When Tillie traded her queen-size bed for a king-size hammock, Uncle Quentin bet her that she couldn’t go one week without falling out.
For six days she proved him wrong.
Then came Thursday.
On Thursday morning, an unexpected tapping roused Tillie from her dreams. Startled, she shot straight up in her hammock, spun three times, and landed in a heap on the pine floor. With her face buried in her fuzzy snail slippers, she listened again for the sound; the tapping grew from a slight repetitive click into a full-on knock. It was coming from her window. Tillie hopped up, unlatched the window, and gave one panel a shove.
“I think I’m being killed!” a voice said.
Tillie scanned the garden, but saw no one. “Who’s that yelling?” she asked.
“It’s me!” came the sharp reply.
The closeness of the voice made Tillie jump. She glanced down at the windowsill and spied a tiny ladybug with her front two legs cupped over her mouth like a makeshift megaphone. The first thing Tillie noticed about this particular ladybug – aside from her rather shrill speaking voice – was that her spots were green instead of black.
“That window nearly crushed me,” the ladybug said.
“Sorry about that. I didn’t realize you were down there.”
“You should try to be more careful.”
Tillie never enjoyed being scolded, especially by insects. “Did you want something?” she asked
“You should call me Ophelia,” said the ladybug.
Tillie silently counted to ten. “How can I help you, Ophelia?”
“Before I tell you, let me first confirm your identity,” Ophelia said. “I would hate to tell my troubles to the wrong person. Humans can be so gossipy. Are you, in fact, Tillie McGwinn of Red Sky Cottage?”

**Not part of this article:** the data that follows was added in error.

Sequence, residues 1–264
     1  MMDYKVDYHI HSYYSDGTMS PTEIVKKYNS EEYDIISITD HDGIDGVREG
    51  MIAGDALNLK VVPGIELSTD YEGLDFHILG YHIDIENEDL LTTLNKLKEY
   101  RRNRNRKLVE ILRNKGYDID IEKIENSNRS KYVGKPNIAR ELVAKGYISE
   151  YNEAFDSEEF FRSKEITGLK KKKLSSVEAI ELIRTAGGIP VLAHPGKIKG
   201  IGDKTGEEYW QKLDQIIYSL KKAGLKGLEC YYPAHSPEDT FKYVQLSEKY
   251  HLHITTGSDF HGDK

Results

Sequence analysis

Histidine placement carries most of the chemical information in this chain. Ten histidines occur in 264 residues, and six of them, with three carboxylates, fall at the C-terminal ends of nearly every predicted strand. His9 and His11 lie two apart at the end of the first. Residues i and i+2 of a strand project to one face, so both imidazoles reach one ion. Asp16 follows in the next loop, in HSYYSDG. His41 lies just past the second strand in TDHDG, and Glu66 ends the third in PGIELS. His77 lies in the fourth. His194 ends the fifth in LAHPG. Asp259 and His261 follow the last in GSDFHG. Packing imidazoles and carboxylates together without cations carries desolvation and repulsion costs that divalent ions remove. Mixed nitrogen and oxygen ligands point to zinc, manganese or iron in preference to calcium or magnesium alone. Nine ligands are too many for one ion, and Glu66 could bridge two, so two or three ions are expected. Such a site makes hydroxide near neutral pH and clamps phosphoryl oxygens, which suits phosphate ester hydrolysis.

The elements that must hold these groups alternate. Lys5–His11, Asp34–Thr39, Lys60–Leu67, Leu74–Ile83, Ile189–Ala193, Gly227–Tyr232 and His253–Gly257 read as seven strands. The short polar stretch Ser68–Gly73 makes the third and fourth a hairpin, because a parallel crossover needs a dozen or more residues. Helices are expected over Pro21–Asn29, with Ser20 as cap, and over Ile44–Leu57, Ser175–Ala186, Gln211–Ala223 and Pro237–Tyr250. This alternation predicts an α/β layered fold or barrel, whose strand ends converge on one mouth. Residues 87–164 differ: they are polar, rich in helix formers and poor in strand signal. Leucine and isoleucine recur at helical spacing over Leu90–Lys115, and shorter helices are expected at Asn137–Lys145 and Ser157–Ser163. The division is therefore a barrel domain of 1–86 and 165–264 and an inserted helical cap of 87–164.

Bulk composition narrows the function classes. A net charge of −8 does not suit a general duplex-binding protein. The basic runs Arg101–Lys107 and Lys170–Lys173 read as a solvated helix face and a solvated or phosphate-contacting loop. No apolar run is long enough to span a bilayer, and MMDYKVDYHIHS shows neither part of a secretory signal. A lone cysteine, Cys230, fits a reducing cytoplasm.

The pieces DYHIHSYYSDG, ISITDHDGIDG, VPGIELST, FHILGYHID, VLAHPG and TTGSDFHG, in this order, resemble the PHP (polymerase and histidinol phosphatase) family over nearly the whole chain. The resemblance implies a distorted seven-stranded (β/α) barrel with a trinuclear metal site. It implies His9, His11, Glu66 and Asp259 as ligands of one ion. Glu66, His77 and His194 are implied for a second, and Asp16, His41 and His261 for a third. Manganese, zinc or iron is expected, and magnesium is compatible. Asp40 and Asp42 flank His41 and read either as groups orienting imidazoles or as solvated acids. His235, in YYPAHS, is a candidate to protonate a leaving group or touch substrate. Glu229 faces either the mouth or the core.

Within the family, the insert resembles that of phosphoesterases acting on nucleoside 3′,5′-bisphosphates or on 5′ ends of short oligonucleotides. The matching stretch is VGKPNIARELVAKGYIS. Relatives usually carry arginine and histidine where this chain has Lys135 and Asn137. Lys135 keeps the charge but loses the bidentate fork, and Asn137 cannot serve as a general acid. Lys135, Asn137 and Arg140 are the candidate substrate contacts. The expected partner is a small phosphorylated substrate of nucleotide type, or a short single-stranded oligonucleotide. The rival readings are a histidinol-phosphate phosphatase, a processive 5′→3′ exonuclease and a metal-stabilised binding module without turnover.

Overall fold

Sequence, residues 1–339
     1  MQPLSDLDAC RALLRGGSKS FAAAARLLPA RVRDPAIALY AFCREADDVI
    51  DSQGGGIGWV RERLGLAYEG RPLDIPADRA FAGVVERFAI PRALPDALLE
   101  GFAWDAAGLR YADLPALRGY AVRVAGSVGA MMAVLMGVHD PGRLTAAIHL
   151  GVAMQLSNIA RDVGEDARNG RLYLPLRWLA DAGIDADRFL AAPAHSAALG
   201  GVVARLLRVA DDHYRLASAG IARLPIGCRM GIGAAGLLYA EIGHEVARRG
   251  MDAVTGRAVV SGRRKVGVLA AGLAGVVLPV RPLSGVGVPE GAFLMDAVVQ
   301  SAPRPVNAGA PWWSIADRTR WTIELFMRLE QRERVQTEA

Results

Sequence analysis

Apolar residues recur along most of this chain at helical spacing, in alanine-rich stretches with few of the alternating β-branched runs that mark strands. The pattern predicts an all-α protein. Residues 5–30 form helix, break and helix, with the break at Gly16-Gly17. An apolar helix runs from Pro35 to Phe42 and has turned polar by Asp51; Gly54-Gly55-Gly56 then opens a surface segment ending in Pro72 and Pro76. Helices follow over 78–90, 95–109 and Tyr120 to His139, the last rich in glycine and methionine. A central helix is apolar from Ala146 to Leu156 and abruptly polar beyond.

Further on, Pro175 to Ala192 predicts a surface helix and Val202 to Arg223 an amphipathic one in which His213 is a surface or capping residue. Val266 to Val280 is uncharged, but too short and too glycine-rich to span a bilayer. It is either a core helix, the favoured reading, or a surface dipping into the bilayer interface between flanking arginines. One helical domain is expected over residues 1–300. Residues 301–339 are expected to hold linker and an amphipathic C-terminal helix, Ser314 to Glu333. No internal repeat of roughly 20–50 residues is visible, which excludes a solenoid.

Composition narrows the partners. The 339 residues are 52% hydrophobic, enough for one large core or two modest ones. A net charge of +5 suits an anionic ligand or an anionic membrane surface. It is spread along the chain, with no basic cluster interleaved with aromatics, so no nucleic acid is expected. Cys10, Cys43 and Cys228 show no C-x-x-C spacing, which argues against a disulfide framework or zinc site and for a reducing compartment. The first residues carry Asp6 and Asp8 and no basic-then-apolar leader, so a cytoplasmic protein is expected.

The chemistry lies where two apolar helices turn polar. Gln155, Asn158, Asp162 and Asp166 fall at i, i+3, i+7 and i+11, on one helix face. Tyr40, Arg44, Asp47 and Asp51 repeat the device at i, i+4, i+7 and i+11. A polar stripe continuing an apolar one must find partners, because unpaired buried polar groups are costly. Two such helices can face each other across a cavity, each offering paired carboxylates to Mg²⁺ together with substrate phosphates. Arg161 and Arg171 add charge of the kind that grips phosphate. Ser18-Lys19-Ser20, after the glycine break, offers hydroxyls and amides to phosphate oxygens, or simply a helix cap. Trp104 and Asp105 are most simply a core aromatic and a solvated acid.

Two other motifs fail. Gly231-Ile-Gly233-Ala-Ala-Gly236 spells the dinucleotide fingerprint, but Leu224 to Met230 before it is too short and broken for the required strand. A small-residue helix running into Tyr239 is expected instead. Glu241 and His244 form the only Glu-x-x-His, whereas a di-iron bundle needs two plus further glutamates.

“This is Red Sky Cottage,” Tillie said, “and I’m the only person who lives here.”
“A simple ‘yes’ or ‘no’ will suffice,” the ladybug said.
Tillie gritted her teeth. “Yes, I’m Tillie McGwinn of Red Sky Cottage.”
“Good!” the ladybug said. “I came to speak to you because I’ve heard that you are a rarity among humans – a friend to all insects everywhere.”
Tillie mulled over this description, alarmed by its generalness. Truth be known, praying mantises creeped her out more than a little. Not wanting to be contrary, however, she nodded in agreement. “I suppose that’s true.”
Ophelia placed one of her many hands on her rotund waist. “Well, are you a friend to all insects everywhere or are you not? You did help Josiah the honey bee find an untouched patch of flowers last summer to save him from the wrath of his queen, did you not?”
“I did, yes,” Tillie agreed.
“And when Tanaka-san the Japanese beetle needed lessons in conversational English, you did give them to her for free, did you not?”
“Yes,” Tillie agreed again.
“And when…” Ophelia began.
“Yes! Fine! You’re right!” Tillie interrupted. “I’m ‘a friend to all insects everywhere!’ Now, would you mind telling me what you want?”